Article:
Lockout/Tagout (LOTO) is the practice of controlling hazardous energy to prevent the unexpected start-up, energization, or release of stored energy during service or maintenance activities. In many cases, LOTO involves shutting down equipment, turning off or disconnecting power sources, and placing a lock or tag on the equipment to indicate that it cannot be turned on or to prevent it from physically being turned on.
Lockout/Tagout procedures are used to protect workers during maintenance, service, or other tasks that could put workers at risk of injury. The actual locking or tagging process of LOTO procedures are used to prevent a person from starting equipment or machinery by mistake. However, there are other risks that must be addressed by LOTO.
One of those risks is the accidental release of stored energy, or potential energy. Potential energy can take many forms. Electrical, mechanical, hydraulic, and pneumatic systems can all store energy that can be released accidentally even when equipment or machinery is locked out or tagged out properly. For a LOTO program to protect workers completely, both primary energy and potential energy must be accounted for.
Mechanical potential energy can be created by a variety of situations. Any machinery or equipment that uses springs creates potential energy when a spring is under tension. If any spring remains under tension when equipment is shut down for service, the potential energy can endanger a worker.
Elevated machine members can also create potential energy due to gravity. Any raised member on a piece of equipment, such as an overhead crane or a manlift, is being acted on by gravity, and if it becomes unsecure, the potential energy created by gravity can put workers at risk. For a LOTO program to be completely effective in preventing the unexpected release of energy, these forms of mechanical potential energy must be accounted for.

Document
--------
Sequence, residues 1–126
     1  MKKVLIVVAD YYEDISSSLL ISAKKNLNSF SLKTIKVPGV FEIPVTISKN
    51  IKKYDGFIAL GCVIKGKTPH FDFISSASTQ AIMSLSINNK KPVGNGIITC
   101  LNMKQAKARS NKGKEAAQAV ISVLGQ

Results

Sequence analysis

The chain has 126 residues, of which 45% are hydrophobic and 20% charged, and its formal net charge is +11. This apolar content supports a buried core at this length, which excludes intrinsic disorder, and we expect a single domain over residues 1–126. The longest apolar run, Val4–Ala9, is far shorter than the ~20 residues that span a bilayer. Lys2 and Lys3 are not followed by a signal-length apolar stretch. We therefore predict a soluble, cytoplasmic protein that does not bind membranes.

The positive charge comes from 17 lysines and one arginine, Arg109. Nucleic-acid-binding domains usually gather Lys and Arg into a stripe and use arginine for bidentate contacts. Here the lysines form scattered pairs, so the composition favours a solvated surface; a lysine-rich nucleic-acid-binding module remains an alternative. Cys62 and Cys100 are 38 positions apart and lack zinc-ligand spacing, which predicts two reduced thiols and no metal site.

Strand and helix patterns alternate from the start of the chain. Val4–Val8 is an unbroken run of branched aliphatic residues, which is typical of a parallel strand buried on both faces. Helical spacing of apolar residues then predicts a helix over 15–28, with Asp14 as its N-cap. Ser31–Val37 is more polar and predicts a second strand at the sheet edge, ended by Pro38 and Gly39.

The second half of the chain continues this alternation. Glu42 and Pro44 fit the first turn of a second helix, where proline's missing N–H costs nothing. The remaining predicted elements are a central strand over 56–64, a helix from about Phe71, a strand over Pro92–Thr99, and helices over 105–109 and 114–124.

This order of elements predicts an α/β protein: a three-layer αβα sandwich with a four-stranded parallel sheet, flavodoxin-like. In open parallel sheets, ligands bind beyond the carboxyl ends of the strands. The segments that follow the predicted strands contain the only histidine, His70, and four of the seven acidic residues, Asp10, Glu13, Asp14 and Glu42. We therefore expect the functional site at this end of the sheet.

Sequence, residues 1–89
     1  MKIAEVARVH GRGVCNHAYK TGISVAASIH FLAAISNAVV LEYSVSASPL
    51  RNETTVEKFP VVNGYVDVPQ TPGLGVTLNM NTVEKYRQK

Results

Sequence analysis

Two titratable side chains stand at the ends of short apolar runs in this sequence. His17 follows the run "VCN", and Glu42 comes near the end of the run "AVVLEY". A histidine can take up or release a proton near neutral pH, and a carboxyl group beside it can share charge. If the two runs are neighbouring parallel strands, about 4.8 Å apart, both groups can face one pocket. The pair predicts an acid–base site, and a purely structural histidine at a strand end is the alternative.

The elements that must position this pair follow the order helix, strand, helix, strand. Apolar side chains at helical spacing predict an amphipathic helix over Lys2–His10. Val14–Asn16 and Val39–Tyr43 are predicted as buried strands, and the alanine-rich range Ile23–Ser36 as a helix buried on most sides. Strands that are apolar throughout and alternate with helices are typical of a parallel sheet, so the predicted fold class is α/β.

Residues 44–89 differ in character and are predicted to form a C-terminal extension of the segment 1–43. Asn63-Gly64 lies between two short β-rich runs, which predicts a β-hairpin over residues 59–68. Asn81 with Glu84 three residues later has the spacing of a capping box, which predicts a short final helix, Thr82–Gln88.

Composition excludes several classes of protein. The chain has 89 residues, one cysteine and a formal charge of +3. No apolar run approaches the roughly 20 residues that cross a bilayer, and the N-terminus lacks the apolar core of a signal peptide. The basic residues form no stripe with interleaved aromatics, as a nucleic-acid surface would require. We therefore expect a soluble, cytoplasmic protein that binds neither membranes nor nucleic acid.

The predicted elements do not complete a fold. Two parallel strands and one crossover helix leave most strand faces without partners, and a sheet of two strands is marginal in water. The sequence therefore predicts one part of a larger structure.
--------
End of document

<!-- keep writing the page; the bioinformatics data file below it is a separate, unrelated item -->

Many kinds of equipment and machinery operate using pressurized components, including hydraulic and pneumatic systems. Like mechanical systems, these pressurized systems can store potential energy even after equipment is shut down.
The accidental release of energy from pressurized systems can be very dangerous and can injure workers performing maintenance or other service while equipment is tagged out. LOTO programs should include steps to release pressure safely from hydraulic and pneumatic equipment as a part of the lockout process. Including this step in LOTO procedures can effectively eliminate the risk posed by pressurized systems.
Electrical potential energy is can often be difficult to manage. Electricity is invisible, but incidents caused by electricity can be some of the most fatal and costly. Electrical equipment, such as electric hoists, CNC equipment, and other electrical machinery, can continue to store energy through capacitors and other means even after it is shut off. Electrical equipment should be de-energized, not just turned off, to prevent accidental energization.
To ensure equipment is fully de-energized, additional controls should be included in the LOTO process. Electrical equipment should be checked to verify the absence of voltage before any service is performed. This verification can be done by a qualified worker using personal protective equipment and a voltage test instrument. Absence of Voltage Testers, or AVTs, can also be used for verification. AVTs are permanently mounted devices that automatically check for any remaining voltage in equipment and can check sources of potential energy without putting a worker at risk of an electrical shock.
Whatever kind of equipment you use, potential energy is a serious concern. All forms of potential energy—mechanical, hydraulic, pneumatic, electrical, and others—can endanger workers even when equipment is turned off and locked or tagged out. Taking steps to protect against potential energy can help prevent workplace incidents, reduce costs and downtime caused by incidents, and protect workers from injury.